At Christ Church, we have a rose window with twelve petals.  Each petal represents an apostle and depicts the symbol of his martyrdom.  I'd never before recalled that for what it really is, 12 testimonies to the truth of the resurrection.

For Meditation: For the benefit of all

From my morning reading, Hughson's With Christ in God:

Whether in the Church Militant, in the Church Expectant, or in the Church Triumphant, we all partake of the life of the divine Head, and we all share it with one another.  Each soul participates in the life of every other soul in the Body of Christ, and whatever gifts, graces, or glory one receive, all receive, each in his appointed measure.  "If one member be honoured, all the members rejoice with it," because the gifts of life and love, of grace and glory, made to one, flood every soul who abides in the same Mystical Body.  Every increment of glory in which the saints in heaven rejoice is the increase of the God-life to every soul in Christ.  On earth, every prayer and aspiration addressed to God, every good Communion made, every holy action performed, releases the further power and love of God for the benefit of all.  A little child half-way round the world offers a simple act of praise or prayer and each of us, even the saints in heaven, has an integral part in that act, and is stronger in the Lord, and in the power of His might, because of it.  Far away some soul, beset by temptation, tottering on the brink of the abyss of sin, is, by every exercise of the divine life in the humblest member of Christ, strengthened to stand the more stiffly against the assaults of the adversary, and to win a victory for the honour of God and the kingdom (378).

Wednesday, May 13, 2015

For Meditation: Tarrying His Leisure

From my morning reading, Hughson's With Christ in God:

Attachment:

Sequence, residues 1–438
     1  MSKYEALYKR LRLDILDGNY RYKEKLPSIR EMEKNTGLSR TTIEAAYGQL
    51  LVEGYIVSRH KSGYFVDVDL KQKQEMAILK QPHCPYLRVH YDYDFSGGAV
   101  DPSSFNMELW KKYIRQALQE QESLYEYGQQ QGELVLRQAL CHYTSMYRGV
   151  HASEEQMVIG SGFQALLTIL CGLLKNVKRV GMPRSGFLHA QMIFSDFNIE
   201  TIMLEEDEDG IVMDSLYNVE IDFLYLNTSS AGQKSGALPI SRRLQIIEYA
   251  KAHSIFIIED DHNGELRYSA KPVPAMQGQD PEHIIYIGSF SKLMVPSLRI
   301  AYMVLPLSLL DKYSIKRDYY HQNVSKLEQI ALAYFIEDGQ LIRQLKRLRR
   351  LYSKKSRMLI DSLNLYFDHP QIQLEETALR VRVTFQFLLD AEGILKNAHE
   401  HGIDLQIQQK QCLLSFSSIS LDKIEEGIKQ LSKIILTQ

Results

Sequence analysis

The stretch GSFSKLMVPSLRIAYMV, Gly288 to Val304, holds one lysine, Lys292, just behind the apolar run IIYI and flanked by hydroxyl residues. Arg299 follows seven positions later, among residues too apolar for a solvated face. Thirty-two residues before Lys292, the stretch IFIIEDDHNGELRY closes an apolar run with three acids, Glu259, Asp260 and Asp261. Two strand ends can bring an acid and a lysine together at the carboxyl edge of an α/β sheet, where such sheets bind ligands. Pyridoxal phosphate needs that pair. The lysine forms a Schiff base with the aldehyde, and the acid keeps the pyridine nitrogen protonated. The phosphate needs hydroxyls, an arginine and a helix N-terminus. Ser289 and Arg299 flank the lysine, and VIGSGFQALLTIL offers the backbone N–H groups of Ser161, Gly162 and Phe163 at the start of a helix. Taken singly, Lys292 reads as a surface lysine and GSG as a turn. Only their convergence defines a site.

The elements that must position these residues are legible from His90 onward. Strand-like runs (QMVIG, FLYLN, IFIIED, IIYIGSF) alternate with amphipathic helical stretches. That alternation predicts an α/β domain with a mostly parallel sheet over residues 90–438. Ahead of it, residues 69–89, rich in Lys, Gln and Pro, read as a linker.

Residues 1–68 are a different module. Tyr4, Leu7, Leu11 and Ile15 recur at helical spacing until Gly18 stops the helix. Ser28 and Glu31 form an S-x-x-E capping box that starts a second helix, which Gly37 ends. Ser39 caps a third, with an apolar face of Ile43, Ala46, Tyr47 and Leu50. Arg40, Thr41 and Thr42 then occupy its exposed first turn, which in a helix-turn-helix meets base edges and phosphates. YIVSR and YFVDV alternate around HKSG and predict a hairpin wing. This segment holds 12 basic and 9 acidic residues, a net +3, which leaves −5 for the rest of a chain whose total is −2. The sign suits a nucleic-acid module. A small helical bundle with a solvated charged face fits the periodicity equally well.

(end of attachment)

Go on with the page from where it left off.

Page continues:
Though we must serve God with a generous spirit, care must be taken lest we mar our service by over-eagerness and impetuosity.  There is always time enough and strength enough to accomplish the divine will, and many a soul has been led into sin by an over-eagerness to do something for God.  The prudent soul does nothing with precipitancy.  The working of the gift of counsel fills us with a spirit of patience, of calm, which indicates that we know the strength of God is our own.  We are willing to tarry the Lord's leisure.  Our faith in Him  will permit of no apprehension of failure.  (326).

For Meditation: The Home and the Way

From a sermon of St. Augustine, quoted in Hughson's With Christ in God:

"He is the home, whither we go, He is the Way whereby we go: go we by Him to Him, and we shall not go astray" (293-294).

Tuesday, May 12, 2015

For Meditation: The Peculiar Properties of Love

Quoted from St. Francis de Sales in my morning reading, Hughson's With Christ in God:

"These gifts (the sevenfold gifts of the Spirit) are not only inseperable from charity, but they may be called its peculiar properties.  The gift of wisdom is nothing more than love which has discovered by experience how sweet the Lord is.  Understanding is a love which attentively considers the truths of faith, to penetrate the depths of their sweetness, and to fathom the abyss of the divinity, descending afterwards from the knowledge of the Creator to that of His creatures.  The gift of knowledge is a love which we apply to the knowledge of ourselves and creatures, as conducive to the knowledge of the Almighty, and tending to impart a correct idea of the homage due to Him, by the consideration of His perfection and our extreme misery.  The gift of counsel is a species of love by which we vigilantly seek the best means of serving God perfectly.  The gift of fortitude is also the strength which love communicates for the execution of whatever has been suggested by the gift of counsel.  Piety is likewise love which alleviates suffering and labour by inspiring a filial affection, and a joy in performing such actions as are pleasing to our heavenly Father.  Finally, the gift of fear is evidently love, since it urges us to avoid all that is displeasing to God" (310-311).

Monday, May 11, 2015

Good Fruit-A Sermon for Rogation Sunday

“By this my Father is glorified, that you bear much fruit, and so prove to be my disciples.”
St. John 15:8

In the Name of the Father, and of the Son, and of the Holy Spirit.  Amen.

            I know it’s only the second Sunday in May, but I’ve had tomatoes planted in my garden for almost a month.  Whether they will bear fruit in a few month’s time, though, is up for grabs.  The plants were a gift to me from Jeff and Audrey Murray, who grew them in their own little greenhouse through the long months of winter.  They are heirloom tomatoes, four different kinds, and they’re supposed to come out with colorful, tender skins and delicious fruit.  I could almost taste them sliced on a cheeseburger as I prepared the soil for my little plants.